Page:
Riding the Grief Roller Coaster

 Elle Edwards/Unsplash

Source: Elle Edwards/Unsplash

“Not Gonna Lie.”

It applies.

My goals for Widow’s Walk include being hopeful and helpful in the face of the most difficult experience any of us is likely to face. But my other goal is to paint a clear picture of the grieving experience and pull no punches, to strip some of the mystery from the grieving process.

So NGL: I’m a mess. I’ve been feeling neither helpful nor hopeful these days.

Grief is like this: I’m ok, I’m ok, I’m ok, I’m ok, I’m not ok!

Grief is in charge

After several months of clicking along, with grief humming steadily but gently in the back of my mind, my roller coaster is suddenly in a steep plummet, the nadir of which, I’m pretty sure, will be the two-year anniversary of my husband’s death next month. Or perhaps the day before it. My experience so far with significant dates (birthdays, anniversaries, holidays) is that the anticipation can be worse than the day itself. Nevertheless, the approach can be terrifying.

I’m in a much better headspace than I was a year ago; I know that. So yay for that. I’m fully functional and even outwardly cheerful-ish when I’m out and about, which I am pretty often. But these days, I’m also struggling, and my usual strategies (support groups, yoga, nature, chocolate, talking to friends, hugging the dog) provide only a brief respite.

When grief wants to have its way with you, there’s nothing you can do about it. For whatever reason, it needs your attention, and you can’t fight it.

Crying, napping, yearning

I’m crying more than I have in a long time. I cry when I get into bed at night alone. I cry in the morning while making coffee, which used to be Tom’s job. I cry in the car, driving home to an empty house (dog notwithstanding). I cry at random times for no particular reason except because I’m sad.

I’m also tired. Grief is surprisingly exhausting. It takes a lot of energy to function as necessary while processing our strange new world and, at the same time, holding despair at bay. I go to bed too late and wake up too early and don’t always manage to sleep through the night. My eyes open at 2 or 3 a.m. and I’m awash in existential dread. Why am I here? What am I doing? What should I be doing? Although I’ve never been a napper, these days naps sometimes grab me and pin me down and I can only succumb. Sometimes I just have to lie down, even if I don’t sleep. Everything feels effortful.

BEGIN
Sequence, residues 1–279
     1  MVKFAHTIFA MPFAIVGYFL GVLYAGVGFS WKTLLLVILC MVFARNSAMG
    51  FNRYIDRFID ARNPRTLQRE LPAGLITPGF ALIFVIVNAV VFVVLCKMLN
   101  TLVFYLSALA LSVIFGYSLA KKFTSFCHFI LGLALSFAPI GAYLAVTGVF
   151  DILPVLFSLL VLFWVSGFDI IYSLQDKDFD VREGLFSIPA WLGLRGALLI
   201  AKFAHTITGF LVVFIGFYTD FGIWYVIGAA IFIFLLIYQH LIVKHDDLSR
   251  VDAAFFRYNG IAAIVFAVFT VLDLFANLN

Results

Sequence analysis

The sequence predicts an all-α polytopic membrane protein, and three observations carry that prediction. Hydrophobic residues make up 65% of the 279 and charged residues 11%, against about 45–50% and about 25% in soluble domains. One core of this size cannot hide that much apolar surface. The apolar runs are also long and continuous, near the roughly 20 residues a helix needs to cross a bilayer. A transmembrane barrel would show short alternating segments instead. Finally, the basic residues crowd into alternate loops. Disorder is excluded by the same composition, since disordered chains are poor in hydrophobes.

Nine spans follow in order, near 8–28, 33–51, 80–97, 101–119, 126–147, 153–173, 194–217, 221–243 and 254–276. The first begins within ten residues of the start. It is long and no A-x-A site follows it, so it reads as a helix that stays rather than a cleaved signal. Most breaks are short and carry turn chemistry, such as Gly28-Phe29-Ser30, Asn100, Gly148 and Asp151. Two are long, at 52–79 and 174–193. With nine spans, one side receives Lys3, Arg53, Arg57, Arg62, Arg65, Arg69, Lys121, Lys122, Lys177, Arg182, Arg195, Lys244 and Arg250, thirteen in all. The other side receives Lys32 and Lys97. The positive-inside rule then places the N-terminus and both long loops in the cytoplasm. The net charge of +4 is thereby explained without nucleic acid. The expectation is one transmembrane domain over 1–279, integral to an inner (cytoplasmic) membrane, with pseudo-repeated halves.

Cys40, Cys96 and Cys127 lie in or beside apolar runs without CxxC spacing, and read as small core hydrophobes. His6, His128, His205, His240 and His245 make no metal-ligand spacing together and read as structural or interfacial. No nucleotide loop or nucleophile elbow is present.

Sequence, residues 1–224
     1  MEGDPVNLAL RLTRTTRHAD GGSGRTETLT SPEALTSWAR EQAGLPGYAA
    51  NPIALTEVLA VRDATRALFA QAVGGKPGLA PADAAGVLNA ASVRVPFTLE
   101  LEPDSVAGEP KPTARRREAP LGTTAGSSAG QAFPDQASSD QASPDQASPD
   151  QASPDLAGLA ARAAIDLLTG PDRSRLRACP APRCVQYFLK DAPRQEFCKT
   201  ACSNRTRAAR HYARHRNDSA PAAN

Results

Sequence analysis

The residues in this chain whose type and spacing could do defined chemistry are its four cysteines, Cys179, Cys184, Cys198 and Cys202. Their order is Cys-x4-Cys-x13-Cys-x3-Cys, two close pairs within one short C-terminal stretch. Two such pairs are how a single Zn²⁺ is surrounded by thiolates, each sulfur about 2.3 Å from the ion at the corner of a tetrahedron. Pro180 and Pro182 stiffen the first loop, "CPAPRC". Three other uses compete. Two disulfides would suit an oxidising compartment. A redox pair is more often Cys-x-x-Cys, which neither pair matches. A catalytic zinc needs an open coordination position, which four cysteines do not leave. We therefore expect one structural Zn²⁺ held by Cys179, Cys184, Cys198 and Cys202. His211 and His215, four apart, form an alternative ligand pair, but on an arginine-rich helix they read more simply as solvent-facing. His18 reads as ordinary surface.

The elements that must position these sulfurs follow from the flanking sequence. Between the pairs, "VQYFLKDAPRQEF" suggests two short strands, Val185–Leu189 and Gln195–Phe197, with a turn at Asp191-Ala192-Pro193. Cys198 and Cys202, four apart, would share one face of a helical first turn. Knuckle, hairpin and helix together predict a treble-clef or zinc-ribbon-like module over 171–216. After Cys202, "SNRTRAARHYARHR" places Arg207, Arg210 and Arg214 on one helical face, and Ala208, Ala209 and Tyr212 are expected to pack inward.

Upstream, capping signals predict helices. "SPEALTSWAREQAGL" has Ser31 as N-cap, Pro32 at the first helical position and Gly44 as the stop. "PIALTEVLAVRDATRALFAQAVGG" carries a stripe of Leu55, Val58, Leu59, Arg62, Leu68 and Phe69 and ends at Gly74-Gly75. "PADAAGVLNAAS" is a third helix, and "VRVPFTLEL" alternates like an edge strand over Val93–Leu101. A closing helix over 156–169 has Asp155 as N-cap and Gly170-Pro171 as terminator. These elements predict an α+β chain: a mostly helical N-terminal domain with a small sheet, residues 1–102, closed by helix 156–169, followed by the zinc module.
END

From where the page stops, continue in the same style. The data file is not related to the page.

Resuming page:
I can concentrate for about 15 minutes at a time before wandering off from whatever task is at hand. I make a lot of trips to the kitchen, comfort eating my way out of my clothes. Sometimes I drift to the patio and stare into space or sit on my tree swing and stare at the trees. I mindlessly scroll social media, resenting happy couples and then feeling bad about myself for that.

I once again must keep pushing away the replay of the day Tom died, which still has a fog of unreality around it as well as the power to bring me to tears. One moment I think that this can’t possibly be true and the next I’m wondering if my life before was just a dream. That life seems like both yesterday and forever ago.

And accompanying all of this is the yearning—the deep, aching yearning to see him, touch him, hear him. I need his take on things, I need to laugh with him, I need to share memories. How can it be that I never will again?

Not gonna lie: it’s rough. I was doing OK for a while, and now I’m not.

Grief is touch and go

But in a recent online forum, grief expert David Kessler explained that processing grief requires touching it, then taking a break; touching it, then taking a break. And I found this tremendously soothing. Because where I am right now, touching the grief, is pretty damn miserable. But I was OK-ish for a while there, so I know it’s possible. I just have to believe that eventually, my roller coaster will start to climb again, and I’ll once more reach a point where I can see beyond my pain and yearning.

‘Til then, I’ll eat chocolate, hug the dog, and cry as necessary.